When an abdominal hernia occurs, major surgery is often required to repair it and maintain the intact lining of the abdominal sac. However, the rate of surgical failure of this procedure is high along with a hernia recurrence rate of 24-50%. Prosthetic biomaterials providing reinforcement to the repair can reduce the hernia recurrence rate down to 4-24%, though there are new factors to consider such as biomechanical compatibility and material mechanical behavior. Dr. Georgina Carbajal de la Torre and her team from the Universidad Michoacana de San Nicolas de Hidalgo analyzed in this paper mechanical properties of materials used in abdominal wall repair and proposed a new mechanical model and methodology that more adequately describes such materials.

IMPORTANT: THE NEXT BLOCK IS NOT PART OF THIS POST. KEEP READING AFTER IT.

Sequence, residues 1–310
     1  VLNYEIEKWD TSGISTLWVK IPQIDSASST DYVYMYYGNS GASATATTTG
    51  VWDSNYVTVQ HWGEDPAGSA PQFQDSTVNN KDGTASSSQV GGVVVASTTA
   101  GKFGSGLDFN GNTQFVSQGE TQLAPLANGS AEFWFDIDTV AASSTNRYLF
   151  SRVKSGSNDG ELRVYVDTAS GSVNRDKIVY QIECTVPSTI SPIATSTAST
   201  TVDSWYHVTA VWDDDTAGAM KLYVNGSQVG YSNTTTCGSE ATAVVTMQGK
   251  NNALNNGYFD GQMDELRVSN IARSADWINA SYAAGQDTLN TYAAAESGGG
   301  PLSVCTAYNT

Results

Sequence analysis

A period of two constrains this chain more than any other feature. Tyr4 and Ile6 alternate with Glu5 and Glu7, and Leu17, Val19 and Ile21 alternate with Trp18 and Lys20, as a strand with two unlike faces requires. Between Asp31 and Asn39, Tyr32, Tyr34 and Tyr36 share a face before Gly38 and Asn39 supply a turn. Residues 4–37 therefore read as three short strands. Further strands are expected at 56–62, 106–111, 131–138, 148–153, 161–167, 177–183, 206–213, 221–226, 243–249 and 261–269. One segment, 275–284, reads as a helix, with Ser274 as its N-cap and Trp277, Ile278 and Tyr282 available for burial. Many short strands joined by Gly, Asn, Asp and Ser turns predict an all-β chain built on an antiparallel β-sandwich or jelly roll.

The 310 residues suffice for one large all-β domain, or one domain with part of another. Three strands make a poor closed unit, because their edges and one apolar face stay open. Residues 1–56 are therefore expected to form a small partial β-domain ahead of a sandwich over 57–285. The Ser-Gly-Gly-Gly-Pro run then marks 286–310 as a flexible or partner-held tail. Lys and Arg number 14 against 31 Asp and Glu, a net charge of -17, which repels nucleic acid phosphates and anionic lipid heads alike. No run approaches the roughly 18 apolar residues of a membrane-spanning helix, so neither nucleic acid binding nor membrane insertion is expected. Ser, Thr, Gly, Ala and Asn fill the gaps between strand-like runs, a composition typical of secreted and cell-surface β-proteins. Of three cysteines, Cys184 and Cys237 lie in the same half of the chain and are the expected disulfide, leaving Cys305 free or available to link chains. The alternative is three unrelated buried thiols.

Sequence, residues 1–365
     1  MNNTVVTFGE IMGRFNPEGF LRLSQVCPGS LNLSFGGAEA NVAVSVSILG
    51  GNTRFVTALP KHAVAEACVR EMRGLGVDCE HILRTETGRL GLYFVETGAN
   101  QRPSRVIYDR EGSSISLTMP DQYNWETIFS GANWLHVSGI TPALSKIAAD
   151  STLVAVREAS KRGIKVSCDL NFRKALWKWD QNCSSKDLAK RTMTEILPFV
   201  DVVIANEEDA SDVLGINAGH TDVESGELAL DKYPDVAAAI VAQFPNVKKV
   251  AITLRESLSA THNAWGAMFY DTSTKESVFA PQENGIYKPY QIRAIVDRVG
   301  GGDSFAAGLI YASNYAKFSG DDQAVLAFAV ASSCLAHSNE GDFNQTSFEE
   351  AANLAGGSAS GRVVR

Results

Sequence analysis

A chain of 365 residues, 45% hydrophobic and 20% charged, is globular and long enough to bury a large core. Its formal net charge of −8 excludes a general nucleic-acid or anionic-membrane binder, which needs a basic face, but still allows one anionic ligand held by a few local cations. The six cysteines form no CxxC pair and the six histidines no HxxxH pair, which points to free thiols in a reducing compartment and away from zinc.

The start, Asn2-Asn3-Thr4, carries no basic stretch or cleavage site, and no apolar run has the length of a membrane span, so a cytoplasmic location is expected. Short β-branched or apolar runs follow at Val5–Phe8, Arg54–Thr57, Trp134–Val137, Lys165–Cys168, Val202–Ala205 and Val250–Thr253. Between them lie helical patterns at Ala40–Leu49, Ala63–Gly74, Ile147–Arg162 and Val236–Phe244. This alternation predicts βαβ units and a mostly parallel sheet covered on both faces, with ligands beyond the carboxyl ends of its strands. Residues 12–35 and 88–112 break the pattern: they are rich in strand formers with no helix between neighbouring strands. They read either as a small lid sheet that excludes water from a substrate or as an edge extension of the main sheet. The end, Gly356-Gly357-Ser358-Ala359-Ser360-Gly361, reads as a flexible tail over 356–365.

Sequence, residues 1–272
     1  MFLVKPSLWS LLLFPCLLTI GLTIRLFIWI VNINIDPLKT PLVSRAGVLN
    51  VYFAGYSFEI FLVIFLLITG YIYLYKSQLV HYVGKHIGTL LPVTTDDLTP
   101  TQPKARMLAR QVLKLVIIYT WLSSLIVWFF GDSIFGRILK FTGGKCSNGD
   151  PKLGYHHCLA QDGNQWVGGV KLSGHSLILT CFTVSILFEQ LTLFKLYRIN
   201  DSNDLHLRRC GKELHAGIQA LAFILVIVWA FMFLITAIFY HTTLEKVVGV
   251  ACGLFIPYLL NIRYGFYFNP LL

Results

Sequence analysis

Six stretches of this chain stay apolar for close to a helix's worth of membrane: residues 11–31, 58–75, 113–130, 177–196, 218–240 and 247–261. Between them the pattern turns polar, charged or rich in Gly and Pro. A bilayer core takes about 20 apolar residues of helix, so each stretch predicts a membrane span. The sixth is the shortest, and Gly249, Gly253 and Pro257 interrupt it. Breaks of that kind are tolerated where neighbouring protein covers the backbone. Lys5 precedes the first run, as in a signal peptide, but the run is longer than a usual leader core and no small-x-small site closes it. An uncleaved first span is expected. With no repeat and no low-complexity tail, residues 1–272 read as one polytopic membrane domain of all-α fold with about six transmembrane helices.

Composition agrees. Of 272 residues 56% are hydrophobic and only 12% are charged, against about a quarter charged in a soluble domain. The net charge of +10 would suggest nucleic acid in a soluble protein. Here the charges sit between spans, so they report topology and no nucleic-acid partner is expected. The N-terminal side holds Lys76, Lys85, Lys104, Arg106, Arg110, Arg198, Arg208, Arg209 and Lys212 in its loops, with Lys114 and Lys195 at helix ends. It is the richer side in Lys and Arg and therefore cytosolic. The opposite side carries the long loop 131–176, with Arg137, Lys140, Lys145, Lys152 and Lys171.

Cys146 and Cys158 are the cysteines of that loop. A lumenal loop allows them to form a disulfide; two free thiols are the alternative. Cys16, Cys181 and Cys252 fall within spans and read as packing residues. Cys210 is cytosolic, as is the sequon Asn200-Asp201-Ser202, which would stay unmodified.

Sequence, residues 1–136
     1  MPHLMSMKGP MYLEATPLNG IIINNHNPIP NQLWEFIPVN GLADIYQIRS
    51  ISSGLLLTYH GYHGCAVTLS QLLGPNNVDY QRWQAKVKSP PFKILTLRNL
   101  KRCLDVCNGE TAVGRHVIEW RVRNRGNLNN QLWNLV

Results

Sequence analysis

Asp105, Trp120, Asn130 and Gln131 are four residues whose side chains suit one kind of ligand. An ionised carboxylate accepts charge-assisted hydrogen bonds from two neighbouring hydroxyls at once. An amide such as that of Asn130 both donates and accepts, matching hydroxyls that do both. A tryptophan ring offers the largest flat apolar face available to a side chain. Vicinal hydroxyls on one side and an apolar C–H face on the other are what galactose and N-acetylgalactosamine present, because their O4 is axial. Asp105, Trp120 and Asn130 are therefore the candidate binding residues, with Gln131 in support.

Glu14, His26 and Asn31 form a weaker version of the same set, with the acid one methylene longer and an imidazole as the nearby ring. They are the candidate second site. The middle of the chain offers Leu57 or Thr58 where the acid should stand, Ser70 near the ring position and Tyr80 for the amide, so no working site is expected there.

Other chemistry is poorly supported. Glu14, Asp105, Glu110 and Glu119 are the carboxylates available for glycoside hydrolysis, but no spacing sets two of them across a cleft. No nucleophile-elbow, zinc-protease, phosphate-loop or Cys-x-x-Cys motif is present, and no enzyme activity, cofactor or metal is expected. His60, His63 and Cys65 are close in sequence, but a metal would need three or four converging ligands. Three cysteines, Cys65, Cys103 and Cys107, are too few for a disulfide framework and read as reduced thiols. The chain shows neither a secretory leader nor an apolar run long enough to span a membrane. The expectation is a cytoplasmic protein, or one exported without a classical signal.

Using the CellScale UniVert, 2 commercial meshes underwent tension tests in longitudinal and transversal directions as shown above. Force-strain graphs were generated (shown below), and data was fitted into a five-parameter Mooney-Rivlin model. Further simulation can be obtained with finite element analysis.

The knowledge gained from this research can go toward proper selection of synthetic meshes for hernia repair based on a finer understanding of their mechanical behavior.

To read the full article, click here: https://doi.org/10.1557/adv.2019.399

To read more about Dr. Carbajal de la Torre’s research, click here: http://bit.ly/36ZqvMI

To read about a new testing method for viscoelasticity of biomaterials, click here.